Transparency: quality or state of being clear, transparent; also frank, candid, free from deceit.
COST believes that most Coloradans have come to understand transparency in government as detailed expenditure and revenue information.
With those definitions in mind, it is laughable that the Colorado State Treasurer’s Office called its latest interactive endeavor “Tax Tracks” a transparency Web site. The site is long on generalizations and pretty pie charts but short on details. In fact, the site even admits it provides nothing more than an “approximation” of taxes paid and where those dollars end up in the state’s coffers.
Even more insulting is that the site is designed to guilt taxpayers into believing they should pay more. Enter $50,000 in annual income and an “approximate” tax breakdown appears. Click on the link for K-12 education. Treasurer Cary Kennedy, architect of Amendment 23, explains how much taxpayers spend on public eduction, and using a thoroughly debunked statistic, she admonishes Coloradans for not spending more:
Colorado ranked 49th in spending on pre-school through twelfth grade public education measured as a percent of personal income in fiscal year 2006-07.
Under “Gasoline Tax” visitors discover this gem:
The gasoline tax has not been adjusted since 1991. From 1991-2008, it lost 40% of its purchasing power adjusted for inflation (Denver-Boulder consumer price index).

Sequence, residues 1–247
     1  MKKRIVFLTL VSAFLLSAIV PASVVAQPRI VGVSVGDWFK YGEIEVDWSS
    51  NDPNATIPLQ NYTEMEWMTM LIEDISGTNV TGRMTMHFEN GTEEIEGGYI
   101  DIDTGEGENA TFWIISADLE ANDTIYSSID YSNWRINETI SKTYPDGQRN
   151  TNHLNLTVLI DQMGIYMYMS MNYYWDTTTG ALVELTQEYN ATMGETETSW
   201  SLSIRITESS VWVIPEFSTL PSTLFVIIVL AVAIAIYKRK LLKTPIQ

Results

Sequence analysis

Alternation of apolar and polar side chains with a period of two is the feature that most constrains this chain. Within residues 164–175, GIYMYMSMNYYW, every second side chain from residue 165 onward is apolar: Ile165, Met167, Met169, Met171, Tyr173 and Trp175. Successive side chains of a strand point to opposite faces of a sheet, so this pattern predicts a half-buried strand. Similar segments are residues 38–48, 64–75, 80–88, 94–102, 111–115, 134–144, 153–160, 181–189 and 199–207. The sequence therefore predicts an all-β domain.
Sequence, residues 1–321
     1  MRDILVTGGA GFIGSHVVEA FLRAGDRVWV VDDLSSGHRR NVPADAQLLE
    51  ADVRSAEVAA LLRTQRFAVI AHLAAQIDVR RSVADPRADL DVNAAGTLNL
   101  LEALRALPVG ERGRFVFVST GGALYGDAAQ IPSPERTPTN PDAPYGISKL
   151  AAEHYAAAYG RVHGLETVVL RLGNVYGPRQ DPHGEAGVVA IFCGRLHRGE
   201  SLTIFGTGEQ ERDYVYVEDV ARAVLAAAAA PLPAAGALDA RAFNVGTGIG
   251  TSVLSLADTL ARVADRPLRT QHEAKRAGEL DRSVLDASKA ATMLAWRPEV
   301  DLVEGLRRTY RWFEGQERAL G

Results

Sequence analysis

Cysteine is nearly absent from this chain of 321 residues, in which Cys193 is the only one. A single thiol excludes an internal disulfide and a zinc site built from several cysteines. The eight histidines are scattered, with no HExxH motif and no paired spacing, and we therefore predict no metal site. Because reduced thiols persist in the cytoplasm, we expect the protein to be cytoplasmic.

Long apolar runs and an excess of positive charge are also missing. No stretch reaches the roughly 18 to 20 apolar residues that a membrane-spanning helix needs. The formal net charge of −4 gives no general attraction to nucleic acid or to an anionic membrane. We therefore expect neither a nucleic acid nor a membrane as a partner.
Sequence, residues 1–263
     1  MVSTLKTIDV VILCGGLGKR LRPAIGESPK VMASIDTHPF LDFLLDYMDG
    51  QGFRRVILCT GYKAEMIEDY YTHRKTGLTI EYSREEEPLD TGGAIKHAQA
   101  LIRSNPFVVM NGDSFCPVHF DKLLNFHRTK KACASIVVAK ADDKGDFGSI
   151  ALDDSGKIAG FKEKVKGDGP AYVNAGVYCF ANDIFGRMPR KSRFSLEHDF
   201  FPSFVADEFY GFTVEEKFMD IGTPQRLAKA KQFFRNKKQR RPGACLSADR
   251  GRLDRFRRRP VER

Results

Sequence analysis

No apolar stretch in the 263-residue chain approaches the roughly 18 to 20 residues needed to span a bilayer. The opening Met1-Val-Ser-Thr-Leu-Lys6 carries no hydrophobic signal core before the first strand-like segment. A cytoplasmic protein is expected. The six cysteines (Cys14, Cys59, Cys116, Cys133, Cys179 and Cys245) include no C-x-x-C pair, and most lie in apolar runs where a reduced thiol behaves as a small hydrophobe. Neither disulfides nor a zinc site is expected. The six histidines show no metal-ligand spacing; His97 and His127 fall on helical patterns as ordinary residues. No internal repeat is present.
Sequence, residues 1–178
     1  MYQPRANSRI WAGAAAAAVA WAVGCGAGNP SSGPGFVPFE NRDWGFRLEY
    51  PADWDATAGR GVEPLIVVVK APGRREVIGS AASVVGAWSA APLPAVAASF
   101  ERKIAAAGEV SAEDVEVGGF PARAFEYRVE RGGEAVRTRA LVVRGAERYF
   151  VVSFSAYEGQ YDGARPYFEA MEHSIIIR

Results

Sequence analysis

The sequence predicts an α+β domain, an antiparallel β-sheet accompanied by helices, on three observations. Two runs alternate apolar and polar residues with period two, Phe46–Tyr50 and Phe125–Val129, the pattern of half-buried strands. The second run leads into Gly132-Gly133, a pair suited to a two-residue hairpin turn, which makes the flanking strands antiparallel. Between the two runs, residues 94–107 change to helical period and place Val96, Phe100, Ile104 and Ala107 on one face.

Translation: Coloradans don’t pay enough in state gasoline tax.
However, Colorado’s 22 cents per gallon tax is close to the national average.
The interactive site also lets visitors vote on whether the amount paid for K-12 education and other areas of government is the “right amount”, “too little”, or “too much.”
Furthermore, these state taxes aren’t paid in a vacuum. According to the Tax Foundation, Coloradans didn’t see Tax Freedom Day, “the day when Americans finally have earned enough money to pay off their total tax bill for the year”, until April 12 last year. The state ranked 16th highest in the country.
Tax Tracks makes a mockery of transparency. Just because Treasurer Kennedy calls it “transparency” doesn’t mean it really is. In fact the only transparency in this Web site is its motive to convince Colorado taxpayers that they should pay more.